The Spark

“The emancipation of the working class will only be achieved by the working class itself.” — Karl Marx

Haiti:
Victims of a hurricane, but above all, of poverty

Sep 27, 2004

As of the last week-end in September, at least 1100 people have died in Haiti as a result of the tropical storm Jeanne. Extensive damage was caused by the high winds and flooding that hit the north and northeastern parts of the country, including Gonaives, Haiti's third largest city, and the island of Tortue.

The number of victims can only rise in the coming days in Haiti, a country that is without decent roads or communication, where emergency services are almost nonexistent. Many areas remained inaccessible one week after the storm passed through.

Hurricanes are frequent in this part of the world. But the effects they have vary tremendously between different countries that are hit. When Ivan hit the coast of the United States with winds many times more powerful than those of Jeanne, some 30 people died. In Haiti, the number of victims is already 33 times more, and could go as high as a hundred times more.

This is not surprising, given the extreme poverty in which the Haitian people live. Many people, too poor to pay rent, live in home-made shacks in the hills, or even sleep on beds placed in dry riverbeds – which flood with every rainfall. Running water and sanitation are nonexistent. With each rain, the poorly constructed roads turn into rivers of mud. The government is unable to prepare for a crisis; it gives no warning to the population and it takes no emergency actions. All these things mean that any problem in the weather can produce a disaster. Last June, torrential rains set off a mudslide that devastated a whole region, leading to thousands of deaths.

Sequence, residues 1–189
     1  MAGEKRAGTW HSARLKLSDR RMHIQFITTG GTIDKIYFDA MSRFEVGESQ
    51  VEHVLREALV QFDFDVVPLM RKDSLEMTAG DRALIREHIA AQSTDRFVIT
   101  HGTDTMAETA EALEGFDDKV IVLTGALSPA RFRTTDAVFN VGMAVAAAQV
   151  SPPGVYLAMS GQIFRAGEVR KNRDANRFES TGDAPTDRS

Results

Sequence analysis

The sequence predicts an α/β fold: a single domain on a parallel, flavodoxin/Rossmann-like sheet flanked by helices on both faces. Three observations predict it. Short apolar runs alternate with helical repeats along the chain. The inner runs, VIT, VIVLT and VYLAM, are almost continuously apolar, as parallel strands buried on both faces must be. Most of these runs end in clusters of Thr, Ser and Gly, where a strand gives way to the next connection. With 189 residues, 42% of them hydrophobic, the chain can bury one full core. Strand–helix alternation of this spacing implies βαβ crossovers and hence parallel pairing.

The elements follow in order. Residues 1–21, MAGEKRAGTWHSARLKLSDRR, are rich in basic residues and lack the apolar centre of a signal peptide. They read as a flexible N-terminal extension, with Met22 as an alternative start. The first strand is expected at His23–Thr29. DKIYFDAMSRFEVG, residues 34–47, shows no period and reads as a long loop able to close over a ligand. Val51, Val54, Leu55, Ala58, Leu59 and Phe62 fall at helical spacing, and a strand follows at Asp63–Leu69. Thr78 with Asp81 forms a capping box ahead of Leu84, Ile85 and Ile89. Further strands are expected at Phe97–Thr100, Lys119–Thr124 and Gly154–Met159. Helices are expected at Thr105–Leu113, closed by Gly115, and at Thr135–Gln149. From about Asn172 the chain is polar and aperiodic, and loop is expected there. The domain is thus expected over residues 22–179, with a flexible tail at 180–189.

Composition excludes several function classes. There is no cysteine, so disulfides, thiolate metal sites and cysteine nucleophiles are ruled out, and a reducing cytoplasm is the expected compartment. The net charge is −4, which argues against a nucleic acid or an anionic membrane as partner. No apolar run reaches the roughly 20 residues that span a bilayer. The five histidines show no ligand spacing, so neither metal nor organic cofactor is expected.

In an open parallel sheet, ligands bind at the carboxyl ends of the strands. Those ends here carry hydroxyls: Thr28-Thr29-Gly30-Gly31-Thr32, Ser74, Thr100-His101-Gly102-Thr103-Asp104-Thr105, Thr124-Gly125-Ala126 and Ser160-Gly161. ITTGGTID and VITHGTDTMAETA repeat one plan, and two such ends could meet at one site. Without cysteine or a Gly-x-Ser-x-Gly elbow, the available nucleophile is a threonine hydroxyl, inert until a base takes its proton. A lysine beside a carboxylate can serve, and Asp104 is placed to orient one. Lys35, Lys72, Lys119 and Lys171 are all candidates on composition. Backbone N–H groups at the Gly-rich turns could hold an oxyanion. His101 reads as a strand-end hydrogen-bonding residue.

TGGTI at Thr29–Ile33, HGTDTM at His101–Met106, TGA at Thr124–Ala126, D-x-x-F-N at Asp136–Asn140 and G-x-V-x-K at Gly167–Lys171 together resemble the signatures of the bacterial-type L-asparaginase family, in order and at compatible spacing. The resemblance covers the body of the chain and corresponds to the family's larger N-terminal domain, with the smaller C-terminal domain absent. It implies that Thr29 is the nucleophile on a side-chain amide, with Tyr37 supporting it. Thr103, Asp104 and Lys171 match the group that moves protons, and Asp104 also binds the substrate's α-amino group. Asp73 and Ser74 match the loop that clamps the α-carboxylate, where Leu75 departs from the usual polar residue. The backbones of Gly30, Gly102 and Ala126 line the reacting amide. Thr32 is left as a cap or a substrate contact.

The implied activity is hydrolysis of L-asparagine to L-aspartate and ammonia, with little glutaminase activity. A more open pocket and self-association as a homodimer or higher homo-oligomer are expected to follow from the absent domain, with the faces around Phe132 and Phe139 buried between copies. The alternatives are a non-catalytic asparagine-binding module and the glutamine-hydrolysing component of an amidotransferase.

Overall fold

Beyond the deaths caused directly by the winds and floods of Jeanne, there will be many more victims in the storm's aftermath. In a country that is among the poorest on the planet, the lack of drinkable water, of food and of sanitation can only produce more and more victims as the days and weeks unwind.

In fact, the Haitian population is the victim more of Haiti's underdevelopment than of the storm. And the responsibility for this is not nature, but rather American and French imperialism, which over centuries held the Haitian people in slavery and drained the country of its resources, starting in the colonial period, up through the international corporations that continue today to take the riches out of Haiti, bleeding the country and its people, leaving them in dire poverty.